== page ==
• Featured Vendor: Lon Black’s Postcards and Ephemera


    Postcard collector Lon Black has a knack for unearthing the correspondance of yesterday year—not to mention the beautiful vintage prints hand-selected by the sender to go along with the message. This Friday his show, “Greetings from New York City” opens at The City Reliquary, and features the best vintage vistas from Black’s 42 year old (and counting) collection of over 10,000 missive treasures. Here he speaks a little about his personal relationship with the postcard—as an image, and as a way to send a thought.

    Can you remember the first time you were romanced by an old postcard? Where were you and what postcard was it?
    Not one particular postcard, but printed and photographic images in general. I had relatives who kept (as most people did then) correspondence, photos, mementos and keepsakes. They were stored away until I uncovered them. I appreciated everything old, but was especially attracted to quality printing and beautiful images printed on paper. Most interesting to me were the postcards. This is going back to my early teen years

    What is it about the medium of postcards that attracts you?
    Postcards often bear images that are not seen anywhere else. They are designed for the public. They are compact pieces of art (fine or kitschy—it’s all good!). In the case where the postcard has the human touch (inscribed and mailed by the sender) it adds another dimension to it. It adds personality. The energy of the person, long dead, is still in the card. That is the subject of the exhibit at The City Reliquary.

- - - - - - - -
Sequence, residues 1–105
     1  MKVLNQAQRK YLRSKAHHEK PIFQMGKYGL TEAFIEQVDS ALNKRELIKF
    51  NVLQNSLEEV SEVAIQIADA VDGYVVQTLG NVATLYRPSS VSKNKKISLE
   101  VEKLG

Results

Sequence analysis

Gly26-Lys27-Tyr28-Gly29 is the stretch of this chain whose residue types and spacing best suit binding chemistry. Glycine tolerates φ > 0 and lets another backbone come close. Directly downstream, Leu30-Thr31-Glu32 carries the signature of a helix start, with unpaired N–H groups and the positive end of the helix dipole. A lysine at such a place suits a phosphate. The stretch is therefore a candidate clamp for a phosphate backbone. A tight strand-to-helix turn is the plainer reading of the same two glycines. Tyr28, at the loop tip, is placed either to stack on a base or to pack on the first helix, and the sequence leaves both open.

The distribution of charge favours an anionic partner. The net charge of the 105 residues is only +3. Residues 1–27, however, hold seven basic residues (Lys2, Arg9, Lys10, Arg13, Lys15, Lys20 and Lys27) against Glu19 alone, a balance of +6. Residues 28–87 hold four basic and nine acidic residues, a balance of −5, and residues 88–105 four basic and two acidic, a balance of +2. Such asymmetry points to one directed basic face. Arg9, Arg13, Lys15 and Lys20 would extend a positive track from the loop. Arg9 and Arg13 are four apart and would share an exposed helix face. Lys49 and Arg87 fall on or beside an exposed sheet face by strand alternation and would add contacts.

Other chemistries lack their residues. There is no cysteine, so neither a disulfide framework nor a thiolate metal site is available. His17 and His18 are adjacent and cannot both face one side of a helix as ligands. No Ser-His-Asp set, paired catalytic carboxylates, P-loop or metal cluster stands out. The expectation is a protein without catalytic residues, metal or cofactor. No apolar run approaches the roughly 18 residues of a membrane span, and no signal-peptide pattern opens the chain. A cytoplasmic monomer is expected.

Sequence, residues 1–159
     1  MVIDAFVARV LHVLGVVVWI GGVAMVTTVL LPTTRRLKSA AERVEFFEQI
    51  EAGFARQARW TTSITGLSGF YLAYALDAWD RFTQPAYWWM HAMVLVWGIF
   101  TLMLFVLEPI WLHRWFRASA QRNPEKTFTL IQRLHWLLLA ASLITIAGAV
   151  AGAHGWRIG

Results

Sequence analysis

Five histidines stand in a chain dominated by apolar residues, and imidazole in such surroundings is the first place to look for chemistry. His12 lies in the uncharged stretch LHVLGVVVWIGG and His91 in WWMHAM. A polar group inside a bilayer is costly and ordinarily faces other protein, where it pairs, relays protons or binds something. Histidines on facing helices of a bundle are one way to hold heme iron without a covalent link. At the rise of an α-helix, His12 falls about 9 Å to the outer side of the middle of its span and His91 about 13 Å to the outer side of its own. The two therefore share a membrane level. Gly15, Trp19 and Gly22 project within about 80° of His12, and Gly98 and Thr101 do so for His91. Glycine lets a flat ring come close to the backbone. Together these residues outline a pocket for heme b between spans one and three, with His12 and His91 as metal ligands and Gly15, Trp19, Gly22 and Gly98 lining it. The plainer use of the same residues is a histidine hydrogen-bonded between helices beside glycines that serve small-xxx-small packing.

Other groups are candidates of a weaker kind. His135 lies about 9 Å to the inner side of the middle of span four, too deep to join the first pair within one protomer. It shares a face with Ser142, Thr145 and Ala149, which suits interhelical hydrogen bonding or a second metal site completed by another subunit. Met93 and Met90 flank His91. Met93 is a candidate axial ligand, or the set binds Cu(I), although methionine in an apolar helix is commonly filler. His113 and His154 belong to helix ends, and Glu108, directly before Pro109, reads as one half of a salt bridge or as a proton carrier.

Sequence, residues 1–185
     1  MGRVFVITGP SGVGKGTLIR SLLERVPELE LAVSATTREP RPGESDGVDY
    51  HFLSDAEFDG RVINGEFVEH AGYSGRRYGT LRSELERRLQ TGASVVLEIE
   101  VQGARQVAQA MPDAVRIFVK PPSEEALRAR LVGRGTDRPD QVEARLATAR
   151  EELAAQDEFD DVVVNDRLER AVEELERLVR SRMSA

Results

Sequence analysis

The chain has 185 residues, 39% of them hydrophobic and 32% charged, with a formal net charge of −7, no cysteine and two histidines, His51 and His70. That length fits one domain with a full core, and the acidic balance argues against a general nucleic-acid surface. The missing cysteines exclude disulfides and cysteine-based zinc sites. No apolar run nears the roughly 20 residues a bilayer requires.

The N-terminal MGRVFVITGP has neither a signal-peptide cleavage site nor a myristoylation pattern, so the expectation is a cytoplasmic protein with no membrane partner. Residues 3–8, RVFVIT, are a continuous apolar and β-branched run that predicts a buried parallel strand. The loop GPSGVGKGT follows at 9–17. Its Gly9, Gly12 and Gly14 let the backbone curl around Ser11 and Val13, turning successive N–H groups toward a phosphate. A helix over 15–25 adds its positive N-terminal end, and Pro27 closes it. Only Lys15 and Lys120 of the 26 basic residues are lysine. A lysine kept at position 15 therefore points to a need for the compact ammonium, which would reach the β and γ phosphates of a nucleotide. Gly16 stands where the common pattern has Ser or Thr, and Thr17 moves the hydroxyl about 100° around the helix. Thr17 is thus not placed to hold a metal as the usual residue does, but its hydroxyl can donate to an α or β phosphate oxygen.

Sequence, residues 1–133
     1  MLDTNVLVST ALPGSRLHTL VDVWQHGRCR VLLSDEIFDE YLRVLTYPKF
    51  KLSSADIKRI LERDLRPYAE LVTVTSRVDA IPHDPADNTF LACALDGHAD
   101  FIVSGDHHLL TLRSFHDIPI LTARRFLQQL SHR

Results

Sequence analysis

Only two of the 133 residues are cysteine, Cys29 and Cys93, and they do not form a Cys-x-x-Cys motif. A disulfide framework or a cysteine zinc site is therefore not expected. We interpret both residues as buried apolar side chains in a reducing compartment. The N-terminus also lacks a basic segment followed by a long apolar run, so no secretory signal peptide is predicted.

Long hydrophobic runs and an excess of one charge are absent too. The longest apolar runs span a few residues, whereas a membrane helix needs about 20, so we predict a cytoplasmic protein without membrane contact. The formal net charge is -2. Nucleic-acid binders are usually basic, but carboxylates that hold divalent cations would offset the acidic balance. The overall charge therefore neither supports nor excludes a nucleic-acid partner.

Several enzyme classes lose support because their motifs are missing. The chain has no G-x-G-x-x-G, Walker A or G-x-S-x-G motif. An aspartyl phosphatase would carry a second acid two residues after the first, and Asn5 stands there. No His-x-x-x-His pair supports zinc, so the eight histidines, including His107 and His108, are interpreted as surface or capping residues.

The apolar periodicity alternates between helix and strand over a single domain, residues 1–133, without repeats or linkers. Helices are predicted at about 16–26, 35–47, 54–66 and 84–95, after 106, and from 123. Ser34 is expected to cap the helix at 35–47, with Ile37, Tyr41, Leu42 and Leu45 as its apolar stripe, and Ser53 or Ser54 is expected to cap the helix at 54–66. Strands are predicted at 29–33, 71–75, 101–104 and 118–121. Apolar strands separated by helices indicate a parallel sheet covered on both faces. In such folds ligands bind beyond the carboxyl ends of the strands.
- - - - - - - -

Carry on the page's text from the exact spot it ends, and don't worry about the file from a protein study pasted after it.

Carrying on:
I always have the best intention of mailing post cards when I’m on vacation, but I usually forget. As a collector, does that mean you are a post card mailer as well? Where’s the furthest you’ve sent one from?
    Beginning in 1962, my mother, grandmother and I packed up the car and took a week’s driving vacation. The first few years it was Michigan, with a stop in Niagara Falls and a jaunt though Quebec. Later, it was the coast of Maine. Postcard writing and sending was an obligatory act for my grandmother. Since I emulated her, I purchased my own group of postcards, writing mundane messages on them and sending them off to relatives and friends. It has been many years since I’ve sent postcards from a vacation spot. One trip that I’ve taken regularly for the past 25 years is to Florida. I sent postcards for the first couple years. But I gave up because the same postcards were offered by stores each year. (In fact, they still haven’t changed much.) And I had more enjoyable things to do with my time. Many postcards are sent from Florida to annoy Northerners during the winter.Furthest I’ve sent one from? I think Acapulco.

    Salutations are a big deal when you’re sending a letter home. What’s the most popular sign off?

    Haven’t really noticed. They’re sent for so many reasons. The recipient could be someone you’re courting; in business with; married to, etc. Often there is no closing; just the person’s name.

    And so we’ll sign off this internet postcard with a funny one from the master’s collection.




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